How to Brew Coffee

Coffee is a personal thing – the most effective way to make it is based on how you enjoy it most.

That being said, mastering some fundamentals can allow you to perfect your skills. From here, we encourage you to test different roasts, origins, or even preparation techniques.

Here are our tips for making an old-fashioned cup of coffee.

The Equipment

Check that your equipment — from bean grinders and filters to coffee makers– is clean at the end of each use.

Rinse the coffee with clean, hot water (or wipe clean) and then dry using an absorbent towel. It’s crucial to make sure there are no leftover grounds to collect and no build-up of coffee oils (caffeoyl) which can cause future coffee cups to taste bitter and rancid.

The Beans

Good coffee starts with good beans. The quality and flavor of your coffee are not only determined by your preference for the brewing process, but also by the type of coffee you select.

The flavor elements are:

  • The country and region of the region of
  • The variety of beans – robusta, arabica – or a mix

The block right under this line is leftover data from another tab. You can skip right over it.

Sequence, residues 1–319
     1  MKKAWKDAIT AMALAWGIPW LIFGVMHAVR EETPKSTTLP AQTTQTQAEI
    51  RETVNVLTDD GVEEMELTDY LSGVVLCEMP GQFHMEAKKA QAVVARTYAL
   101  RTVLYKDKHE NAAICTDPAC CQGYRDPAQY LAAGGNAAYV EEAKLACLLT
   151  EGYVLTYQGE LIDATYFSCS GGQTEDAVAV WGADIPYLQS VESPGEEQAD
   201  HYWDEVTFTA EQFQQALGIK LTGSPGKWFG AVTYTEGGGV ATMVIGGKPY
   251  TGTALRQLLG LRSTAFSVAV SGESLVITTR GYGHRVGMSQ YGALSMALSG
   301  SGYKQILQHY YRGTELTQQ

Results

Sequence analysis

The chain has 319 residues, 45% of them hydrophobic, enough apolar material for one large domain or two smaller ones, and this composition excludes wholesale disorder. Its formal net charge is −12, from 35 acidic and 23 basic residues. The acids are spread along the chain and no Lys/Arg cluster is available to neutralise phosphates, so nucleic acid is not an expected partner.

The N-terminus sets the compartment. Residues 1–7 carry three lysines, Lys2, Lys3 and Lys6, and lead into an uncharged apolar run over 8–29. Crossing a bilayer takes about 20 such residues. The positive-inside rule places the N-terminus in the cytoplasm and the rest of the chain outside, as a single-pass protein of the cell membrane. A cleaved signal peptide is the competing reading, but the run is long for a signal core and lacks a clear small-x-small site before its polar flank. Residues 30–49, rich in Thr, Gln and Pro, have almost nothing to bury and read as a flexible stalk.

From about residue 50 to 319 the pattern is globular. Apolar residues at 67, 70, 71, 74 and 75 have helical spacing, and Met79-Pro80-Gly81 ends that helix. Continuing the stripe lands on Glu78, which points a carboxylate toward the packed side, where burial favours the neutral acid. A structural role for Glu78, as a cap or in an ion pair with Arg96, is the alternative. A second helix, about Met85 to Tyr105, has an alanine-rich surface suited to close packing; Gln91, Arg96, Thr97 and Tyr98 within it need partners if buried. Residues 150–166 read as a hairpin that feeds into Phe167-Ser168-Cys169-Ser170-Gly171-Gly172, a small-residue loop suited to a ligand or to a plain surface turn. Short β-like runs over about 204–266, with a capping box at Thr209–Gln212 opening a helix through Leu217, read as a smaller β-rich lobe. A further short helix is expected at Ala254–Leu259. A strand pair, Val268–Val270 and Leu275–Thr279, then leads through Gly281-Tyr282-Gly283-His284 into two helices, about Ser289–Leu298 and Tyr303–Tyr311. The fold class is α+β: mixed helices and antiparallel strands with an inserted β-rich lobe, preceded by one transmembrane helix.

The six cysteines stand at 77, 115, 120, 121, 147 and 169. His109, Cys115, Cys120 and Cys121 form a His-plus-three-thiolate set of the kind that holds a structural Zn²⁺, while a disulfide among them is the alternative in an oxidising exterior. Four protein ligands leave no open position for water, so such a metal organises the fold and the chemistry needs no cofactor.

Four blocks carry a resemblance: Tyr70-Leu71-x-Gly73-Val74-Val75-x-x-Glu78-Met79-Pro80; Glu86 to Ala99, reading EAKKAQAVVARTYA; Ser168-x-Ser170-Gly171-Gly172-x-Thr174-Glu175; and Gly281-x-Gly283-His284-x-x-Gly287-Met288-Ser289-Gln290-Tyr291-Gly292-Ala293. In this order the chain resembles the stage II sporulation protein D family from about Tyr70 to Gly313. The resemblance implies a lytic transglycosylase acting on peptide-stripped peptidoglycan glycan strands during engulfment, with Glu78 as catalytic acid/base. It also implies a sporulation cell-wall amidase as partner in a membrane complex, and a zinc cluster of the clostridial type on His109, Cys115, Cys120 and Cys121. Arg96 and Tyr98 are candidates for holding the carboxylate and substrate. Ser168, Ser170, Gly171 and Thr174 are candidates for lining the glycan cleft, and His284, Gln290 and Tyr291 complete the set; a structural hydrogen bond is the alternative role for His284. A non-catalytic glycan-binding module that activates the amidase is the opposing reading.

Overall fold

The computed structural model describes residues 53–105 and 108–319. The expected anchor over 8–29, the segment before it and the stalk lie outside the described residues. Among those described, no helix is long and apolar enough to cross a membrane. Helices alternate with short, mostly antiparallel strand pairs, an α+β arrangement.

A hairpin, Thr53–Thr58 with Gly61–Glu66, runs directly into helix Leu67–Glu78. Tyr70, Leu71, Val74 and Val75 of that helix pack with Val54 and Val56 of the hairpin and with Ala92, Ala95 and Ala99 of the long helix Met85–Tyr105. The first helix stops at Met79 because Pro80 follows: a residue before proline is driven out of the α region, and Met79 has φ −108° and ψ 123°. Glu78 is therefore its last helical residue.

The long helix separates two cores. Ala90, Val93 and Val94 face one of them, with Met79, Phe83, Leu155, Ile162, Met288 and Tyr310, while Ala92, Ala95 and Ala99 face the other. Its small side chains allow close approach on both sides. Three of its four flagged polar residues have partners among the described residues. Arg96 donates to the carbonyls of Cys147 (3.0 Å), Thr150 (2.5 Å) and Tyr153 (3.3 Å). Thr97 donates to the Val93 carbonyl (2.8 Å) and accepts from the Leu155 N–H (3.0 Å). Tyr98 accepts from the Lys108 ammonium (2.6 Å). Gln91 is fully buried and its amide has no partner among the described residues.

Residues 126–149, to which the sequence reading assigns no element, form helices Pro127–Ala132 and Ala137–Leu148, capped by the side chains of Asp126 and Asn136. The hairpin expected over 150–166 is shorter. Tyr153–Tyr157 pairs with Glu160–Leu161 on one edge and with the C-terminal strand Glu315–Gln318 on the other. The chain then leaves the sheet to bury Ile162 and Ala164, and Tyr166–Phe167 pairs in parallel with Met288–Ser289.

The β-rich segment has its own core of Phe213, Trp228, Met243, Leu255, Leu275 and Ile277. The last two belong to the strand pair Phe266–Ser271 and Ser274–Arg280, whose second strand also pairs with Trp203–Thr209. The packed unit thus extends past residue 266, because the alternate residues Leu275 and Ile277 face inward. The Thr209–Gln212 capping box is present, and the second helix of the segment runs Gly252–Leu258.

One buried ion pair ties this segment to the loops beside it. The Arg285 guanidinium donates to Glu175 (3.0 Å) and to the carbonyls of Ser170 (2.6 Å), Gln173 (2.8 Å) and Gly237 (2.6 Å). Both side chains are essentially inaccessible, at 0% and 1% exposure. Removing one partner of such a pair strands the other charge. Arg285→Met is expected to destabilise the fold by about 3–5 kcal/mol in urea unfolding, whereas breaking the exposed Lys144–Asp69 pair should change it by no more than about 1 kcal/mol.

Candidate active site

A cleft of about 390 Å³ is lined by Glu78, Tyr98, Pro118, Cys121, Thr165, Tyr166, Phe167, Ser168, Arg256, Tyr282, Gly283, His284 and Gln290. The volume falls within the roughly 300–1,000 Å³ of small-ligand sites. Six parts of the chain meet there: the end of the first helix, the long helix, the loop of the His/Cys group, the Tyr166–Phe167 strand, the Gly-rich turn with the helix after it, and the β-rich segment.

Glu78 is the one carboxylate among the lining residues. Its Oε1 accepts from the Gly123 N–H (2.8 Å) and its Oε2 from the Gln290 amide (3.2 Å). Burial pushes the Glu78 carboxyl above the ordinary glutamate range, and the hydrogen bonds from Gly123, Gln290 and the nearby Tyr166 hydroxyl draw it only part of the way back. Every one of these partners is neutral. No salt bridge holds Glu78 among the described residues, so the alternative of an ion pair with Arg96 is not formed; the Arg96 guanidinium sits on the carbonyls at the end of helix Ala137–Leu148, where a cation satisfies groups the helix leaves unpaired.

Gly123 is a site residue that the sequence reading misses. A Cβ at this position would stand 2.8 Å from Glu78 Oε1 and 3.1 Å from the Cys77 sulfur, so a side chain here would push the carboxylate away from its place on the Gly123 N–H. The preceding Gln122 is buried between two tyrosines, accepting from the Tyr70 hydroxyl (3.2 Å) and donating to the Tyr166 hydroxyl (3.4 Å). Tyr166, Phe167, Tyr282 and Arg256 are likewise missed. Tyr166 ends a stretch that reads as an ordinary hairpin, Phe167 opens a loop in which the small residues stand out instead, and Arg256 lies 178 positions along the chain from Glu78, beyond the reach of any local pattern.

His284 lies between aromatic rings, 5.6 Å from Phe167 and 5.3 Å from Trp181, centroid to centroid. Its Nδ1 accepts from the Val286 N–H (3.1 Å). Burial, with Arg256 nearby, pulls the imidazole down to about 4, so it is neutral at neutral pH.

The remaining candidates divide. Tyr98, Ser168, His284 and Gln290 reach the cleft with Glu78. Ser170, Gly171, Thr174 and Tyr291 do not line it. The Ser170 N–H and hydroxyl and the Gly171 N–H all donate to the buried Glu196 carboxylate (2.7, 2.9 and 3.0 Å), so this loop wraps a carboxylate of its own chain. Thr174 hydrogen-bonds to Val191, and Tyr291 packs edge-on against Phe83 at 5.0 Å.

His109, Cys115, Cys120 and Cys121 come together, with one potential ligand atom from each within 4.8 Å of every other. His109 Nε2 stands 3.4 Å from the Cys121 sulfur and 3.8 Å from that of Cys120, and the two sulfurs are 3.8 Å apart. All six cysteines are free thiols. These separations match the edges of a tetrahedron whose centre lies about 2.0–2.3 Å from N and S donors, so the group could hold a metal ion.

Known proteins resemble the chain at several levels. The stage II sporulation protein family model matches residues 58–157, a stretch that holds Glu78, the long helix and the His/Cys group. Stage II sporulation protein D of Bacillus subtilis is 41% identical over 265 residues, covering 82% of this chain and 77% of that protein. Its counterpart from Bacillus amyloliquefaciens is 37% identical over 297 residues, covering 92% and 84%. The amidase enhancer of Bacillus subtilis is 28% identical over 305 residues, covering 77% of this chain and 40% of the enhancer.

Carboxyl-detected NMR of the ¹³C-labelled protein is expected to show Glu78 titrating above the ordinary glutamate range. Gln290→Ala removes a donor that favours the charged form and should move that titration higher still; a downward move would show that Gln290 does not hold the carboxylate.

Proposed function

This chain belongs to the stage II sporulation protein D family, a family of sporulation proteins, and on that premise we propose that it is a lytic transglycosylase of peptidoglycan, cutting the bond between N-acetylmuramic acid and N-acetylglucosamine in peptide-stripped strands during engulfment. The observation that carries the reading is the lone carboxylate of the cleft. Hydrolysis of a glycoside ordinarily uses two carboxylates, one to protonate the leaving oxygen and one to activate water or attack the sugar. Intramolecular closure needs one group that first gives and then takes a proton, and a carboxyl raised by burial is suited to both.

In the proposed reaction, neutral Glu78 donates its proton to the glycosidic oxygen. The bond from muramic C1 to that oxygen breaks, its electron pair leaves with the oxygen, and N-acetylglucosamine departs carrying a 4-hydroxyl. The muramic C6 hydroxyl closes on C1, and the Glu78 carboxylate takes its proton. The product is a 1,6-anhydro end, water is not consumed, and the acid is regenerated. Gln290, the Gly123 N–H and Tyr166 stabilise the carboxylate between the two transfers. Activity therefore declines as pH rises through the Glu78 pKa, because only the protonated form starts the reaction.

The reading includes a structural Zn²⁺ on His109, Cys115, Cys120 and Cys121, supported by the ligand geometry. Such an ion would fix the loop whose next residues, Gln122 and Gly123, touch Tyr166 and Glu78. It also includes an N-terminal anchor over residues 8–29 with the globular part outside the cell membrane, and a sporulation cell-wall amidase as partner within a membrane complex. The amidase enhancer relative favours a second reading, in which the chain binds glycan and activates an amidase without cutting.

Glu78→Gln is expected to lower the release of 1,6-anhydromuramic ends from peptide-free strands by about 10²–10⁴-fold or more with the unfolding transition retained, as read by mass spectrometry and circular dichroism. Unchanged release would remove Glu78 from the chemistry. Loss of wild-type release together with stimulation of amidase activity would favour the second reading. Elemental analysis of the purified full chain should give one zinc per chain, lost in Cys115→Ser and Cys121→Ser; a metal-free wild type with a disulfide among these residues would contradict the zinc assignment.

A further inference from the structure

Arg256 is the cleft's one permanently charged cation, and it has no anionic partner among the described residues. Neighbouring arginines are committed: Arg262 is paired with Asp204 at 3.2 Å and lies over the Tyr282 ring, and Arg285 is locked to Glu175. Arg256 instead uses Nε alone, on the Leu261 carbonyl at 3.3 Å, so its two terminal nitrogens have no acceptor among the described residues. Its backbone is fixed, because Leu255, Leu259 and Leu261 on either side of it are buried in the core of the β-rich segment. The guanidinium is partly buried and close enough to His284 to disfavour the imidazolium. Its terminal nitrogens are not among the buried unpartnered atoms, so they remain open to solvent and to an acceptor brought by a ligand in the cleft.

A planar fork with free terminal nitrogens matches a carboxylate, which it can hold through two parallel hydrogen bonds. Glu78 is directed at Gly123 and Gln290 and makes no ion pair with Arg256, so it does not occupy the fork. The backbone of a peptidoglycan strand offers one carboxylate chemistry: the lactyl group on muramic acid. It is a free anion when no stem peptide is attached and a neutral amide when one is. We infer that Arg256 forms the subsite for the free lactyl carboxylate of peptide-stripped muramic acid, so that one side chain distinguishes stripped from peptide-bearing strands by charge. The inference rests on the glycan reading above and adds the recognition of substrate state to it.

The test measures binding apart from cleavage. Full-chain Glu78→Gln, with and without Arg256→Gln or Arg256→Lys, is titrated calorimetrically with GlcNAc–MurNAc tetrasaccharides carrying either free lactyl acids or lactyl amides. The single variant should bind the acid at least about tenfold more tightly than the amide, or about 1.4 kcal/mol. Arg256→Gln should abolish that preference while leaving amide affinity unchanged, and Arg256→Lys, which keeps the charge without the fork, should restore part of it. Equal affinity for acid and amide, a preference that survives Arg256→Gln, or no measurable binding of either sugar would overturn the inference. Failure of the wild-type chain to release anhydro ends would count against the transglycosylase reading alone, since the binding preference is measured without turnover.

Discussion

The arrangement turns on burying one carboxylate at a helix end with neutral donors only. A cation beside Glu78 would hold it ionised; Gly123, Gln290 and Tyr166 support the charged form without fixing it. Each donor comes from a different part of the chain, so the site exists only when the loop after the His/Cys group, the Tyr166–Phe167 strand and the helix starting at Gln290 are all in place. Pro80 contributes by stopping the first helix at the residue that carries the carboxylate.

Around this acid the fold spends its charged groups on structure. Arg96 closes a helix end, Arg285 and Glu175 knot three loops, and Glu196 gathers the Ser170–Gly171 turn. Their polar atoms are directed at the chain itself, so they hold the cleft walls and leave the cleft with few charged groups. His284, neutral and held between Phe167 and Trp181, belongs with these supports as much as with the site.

• The roast variety
  • The texture of your grind

While there’s a myriad of options to choose from, remember that there is no right or incorrect choice. For instance, you could choose a dark, delicious espresso roast coffee and grind it to be brewed using drip systems. Enjoy trying out and tasting various combinations.

The Grind

If you are buying whole beans or deciding to buy coffee online, be sure to grind the beans in the exact brew time as you can to get the maximum freshness. A mill grinder or burr is ideal since the coffee is ground to a consistent size.

A blade grinder is less ideal because some coffees will be ground finer than the rest. If you normally grind coffee in your home with the blade grinder, you should try getting it ground in the store with the burr grinder. You’ll be amazed at the differences! (Whichever option you use be sure to follow the manufacturer’s guidelines when using your grinder, and be mindful of any safety concerns that you need to consider.)

The size of the grind is vital to the flavor of your coffee. If your coffee tastes bitter, it may be over-extracted or ground to a fine. In contrast, if your coffee has a taste that is flat, it might be under-extracted, meaning your grind is too coarse.

The Water

The water you use is very important in the flavor of the coffee you drink. Filter or bottle your water if your tap water isn’t good, or has a strong smell or taste, like chlorine.

If you’re using tap water, let it run just a couple of seconds prior to filling your coffee pot, and make sure to use cold water. Avoid softened or distilled water.